There’s a lot of emphasis on all of the many benefits of breastfeeding, and these fall into multiple categories: benefits to the mom, benefits to the baby in the short-term, benefits to the baby in the long-term. A lot of the evidence is biased or problematic because, as we said, the choice to breastfeed is not random. So we have to look at better kinds of evidence. There’s one very large randomized trial and a bunch of studies that compare siblings and do a better job adjusting, and when you look at those pieces of evidence, what comes out is that there are some real benefits for the baby early on — there may be some improvements in digestion, lower allergy risk, a reduction in ear infections — and some long-term benefits to the mom in terms of breast cancer reduction. But some of those claims about later health benefits for kids — like higher IQ, lower obesity, less asthma — don’t seem to be borne out in the best data. So the picture ends up a bit more mixed. It says breastfeeding is great, and we should help people do that if they want to, but we may want to dial back some of the more grandiose claims.
One thing I liked about the book is how you not only go over the data, but you also talk about economic concepts, like how to think marginally in the case of choosing child care and comparing cost. Can you unpack that a bit?
Thinking marginally is a core component of economics. Optimizing — doing the best thing — requires thinking about the opportunity cost and things on the margin. So in this example, when you’re trying to decide what the right thing is to do with child care and evaluating options that cost different amounts, it’s easy to think just about money as money. Just dollars.
But I would argue that, in fact, you need to conceptualize what you will buy with the money, and what is the value of that? And that’s where thinking about the marginal, or next-best use of the money is really important. Sometimes confronting the next-best use of the money can cause you to make a different choice. You realize that the next-best use would be a new car, but I don’t care that much about having a new car this year, and I actually would rather have that child care choice.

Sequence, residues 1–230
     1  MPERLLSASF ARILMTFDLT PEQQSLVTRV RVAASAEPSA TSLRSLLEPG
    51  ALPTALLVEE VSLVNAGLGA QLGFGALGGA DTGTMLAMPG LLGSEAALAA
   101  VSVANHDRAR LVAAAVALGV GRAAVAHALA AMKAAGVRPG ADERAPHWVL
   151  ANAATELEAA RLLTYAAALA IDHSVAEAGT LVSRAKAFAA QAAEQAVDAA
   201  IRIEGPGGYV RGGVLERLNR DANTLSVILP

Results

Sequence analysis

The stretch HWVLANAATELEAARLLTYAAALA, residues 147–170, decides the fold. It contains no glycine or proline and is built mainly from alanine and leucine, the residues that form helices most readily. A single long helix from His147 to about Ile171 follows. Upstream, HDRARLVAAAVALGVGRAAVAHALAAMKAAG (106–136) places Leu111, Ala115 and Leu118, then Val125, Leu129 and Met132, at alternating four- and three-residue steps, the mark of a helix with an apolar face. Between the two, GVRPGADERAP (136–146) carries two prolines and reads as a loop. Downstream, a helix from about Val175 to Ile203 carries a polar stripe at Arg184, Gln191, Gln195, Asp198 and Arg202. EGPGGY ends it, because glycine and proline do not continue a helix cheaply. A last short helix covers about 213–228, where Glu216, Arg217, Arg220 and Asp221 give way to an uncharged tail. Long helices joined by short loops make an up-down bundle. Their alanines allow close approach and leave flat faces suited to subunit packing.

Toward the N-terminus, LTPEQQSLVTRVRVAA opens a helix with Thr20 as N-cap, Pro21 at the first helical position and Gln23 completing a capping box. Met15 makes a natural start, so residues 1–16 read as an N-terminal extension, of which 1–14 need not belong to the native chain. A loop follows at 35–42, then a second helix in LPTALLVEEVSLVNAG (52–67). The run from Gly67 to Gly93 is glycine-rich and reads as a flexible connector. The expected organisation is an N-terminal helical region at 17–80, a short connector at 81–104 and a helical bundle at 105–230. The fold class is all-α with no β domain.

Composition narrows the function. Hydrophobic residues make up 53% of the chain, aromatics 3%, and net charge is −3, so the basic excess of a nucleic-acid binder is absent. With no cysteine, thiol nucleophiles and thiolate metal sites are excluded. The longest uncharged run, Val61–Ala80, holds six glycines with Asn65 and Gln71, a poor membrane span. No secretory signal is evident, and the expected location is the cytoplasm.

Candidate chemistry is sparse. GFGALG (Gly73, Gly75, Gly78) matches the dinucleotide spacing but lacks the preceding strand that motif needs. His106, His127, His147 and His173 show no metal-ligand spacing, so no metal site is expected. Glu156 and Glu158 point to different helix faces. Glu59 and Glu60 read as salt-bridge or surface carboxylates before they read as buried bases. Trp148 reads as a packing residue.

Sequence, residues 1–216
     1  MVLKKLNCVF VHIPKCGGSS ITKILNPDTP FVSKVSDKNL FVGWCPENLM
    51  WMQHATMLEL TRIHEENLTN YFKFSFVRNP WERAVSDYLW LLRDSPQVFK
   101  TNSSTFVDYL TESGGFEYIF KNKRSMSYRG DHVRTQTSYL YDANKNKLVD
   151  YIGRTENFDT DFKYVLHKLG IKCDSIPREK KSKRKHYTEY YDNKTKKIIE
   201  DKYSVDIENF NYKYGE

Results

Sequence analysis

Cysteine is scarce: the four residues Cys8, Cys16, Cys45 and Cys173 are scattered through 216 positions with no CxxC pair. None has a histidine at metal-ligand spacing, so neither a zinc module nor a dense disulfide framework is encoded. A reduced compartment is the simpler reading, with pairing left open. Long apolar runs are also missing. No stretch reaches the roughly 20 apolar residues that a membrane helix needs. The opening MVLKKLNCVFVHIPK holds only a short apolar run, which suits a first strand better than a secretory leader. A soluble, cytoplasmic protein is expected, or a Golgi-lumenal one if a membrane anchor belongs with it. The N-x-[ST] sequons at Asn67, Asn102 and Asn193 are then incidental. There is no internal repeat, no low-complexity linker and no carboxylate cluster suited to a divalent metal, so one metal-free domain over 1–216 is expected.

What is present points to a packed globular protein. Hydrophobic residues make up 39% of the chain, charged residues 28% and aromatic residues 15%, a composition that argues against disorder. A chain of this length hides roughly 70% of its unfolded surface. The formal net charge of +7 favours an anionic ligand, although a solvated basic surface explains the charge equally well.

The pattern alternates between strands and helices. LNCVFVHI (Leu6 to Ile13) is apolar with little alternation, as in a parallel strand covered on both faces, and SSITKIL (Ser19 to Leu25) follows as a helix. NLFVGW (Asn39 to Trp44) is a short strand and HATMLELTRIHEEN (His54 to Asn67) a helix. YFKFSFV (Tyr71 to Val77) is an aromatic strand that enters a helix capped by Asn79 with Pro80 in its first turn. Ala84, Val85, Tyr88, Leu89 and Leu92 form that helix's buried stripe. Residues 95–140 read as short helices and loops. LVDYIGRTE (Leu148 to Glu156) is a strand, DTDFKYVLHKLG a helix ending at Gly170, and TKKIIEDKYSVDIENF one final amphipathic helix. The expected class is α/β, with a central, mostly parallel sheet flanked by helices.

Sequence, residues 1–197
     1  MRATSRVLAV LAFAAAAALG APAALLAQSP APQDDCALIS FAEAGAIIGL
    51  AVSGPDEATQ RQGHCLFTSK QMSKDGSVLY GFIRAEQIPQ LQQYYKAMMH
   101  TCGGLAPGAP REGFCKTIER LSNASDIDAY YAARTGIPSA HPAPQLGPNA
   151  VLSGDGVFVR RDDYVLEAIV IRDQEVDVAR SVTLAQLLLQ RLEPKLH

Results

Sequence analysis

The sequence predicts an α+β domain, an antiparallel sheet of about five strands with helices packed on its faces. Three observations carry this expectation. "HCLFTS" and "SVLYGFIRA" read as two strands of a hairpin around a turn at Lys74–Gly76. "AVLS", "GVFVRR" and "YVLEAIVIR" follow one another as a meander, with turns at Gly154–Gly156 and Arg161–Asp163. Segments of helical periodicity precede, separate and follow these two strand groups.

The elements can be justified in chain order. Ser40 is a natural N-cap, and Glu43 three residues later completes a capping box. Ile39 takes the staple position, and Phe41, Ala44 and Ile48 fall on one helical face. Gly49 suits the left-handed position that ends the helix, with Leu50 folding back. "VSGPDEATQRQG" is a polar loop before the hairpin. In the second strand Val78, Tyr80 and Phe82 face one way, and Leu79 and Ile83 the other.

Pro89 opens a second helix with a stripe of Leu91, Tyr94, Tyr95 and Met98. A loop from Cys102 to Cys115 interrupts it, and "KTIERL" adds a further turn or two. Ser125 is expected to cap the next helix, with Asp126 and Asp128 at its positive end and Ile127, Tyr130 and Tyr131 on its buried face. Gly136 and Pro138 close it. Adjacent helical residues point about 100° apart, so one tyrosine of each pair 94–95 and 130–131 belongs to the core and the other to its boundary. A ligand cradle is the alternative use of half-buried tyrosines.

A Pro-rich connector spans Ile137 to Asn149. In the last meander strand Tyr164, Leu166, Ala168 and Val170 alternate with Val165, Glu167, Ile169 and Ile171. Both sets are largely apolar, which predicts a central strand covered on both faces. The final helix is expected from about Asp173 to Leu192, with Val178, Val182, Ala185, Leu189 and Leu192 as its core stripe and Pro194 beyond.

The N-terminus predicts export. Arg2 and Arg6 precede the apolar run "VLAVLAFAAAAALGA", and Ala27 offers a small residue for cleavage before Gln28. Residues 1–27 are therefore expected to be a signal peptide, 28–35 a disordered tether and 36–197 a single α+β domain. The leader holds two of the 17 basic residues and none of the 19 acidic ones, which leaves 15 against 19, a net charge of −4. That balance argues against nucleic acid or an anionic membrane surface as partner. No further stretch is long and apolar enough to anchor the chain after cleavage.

I also liked how you added nuance to some stories that we’ve heard, like how marital satisfaction declines after having children. That does seem to be true, but it doesn’t decline identically for all couples, right?
So it’s true that, on average, marital happiness declines after you have kids, but those declines are smaller if the kid is planned and if you’re happier beforehand. It’s not uniform that everybody hates their spouse after they have kids, although I think it is good to recognize that the first year of your kid’s life is likely to be a time when most marriages do feel some stress. That is something you may have to work through, and a lot of people, of course, do come out on the other side.
You write that, as kids get older, it gets more and more difficult to find studies because the data gets way more complicated. How so?
In general, even very good studies are typically only able to figure out an average effect. We’re able to say, on average, did the kid sleep better after we did this kind of sleep training? For little kids, that’s often a well-posed question, but as you get to older kids, there’s so much difference across kids in how they’re going to react to things.
A question a lot of people ask me is something like, is a Montessori school a good idea? On average, we don’t have that much data, and it could easily be the case that a Montessori school is really good for some kids and really not good for other kids. Even a very good study of Montessori could mask some really good effects for some kids and really bad effects for some and our data is even less well-suited to pick up that kind of heterogeneity. That problem only gets worse as kids get older and parents are choosing things that they think will work for their kid. There’s less data, and the reason is partly that it’s so hard to imagine doing these studies well.
The book ends with you talking about the most helpful parenting advice you’ve received. You were taking your daughter to France and were really worried about her getting stung by a bee and being allergic and something bad happening. And your doctor was like, “I’d probably just try not to think about that.” I liked that a lot. Why do you consider that to be the best advice after diving into so much data and papers?
There’s a sense in which, for me, that is very important to hear. I think about that advice all the time because it’s pretty broadly applicable to a lot of things in parenting. We can get caught up in every tiny decision and miss the enjoyment of parenting and the part of this that’s supposed to be fun. It just pushed against some of my worse instincts as a parent to just obsess over everything. Sometimes you just have to accept that you cannot control everything. That’s hard, but it’s part of the fun. Also, the kid was eventually stung by a bee, and it was totally fine.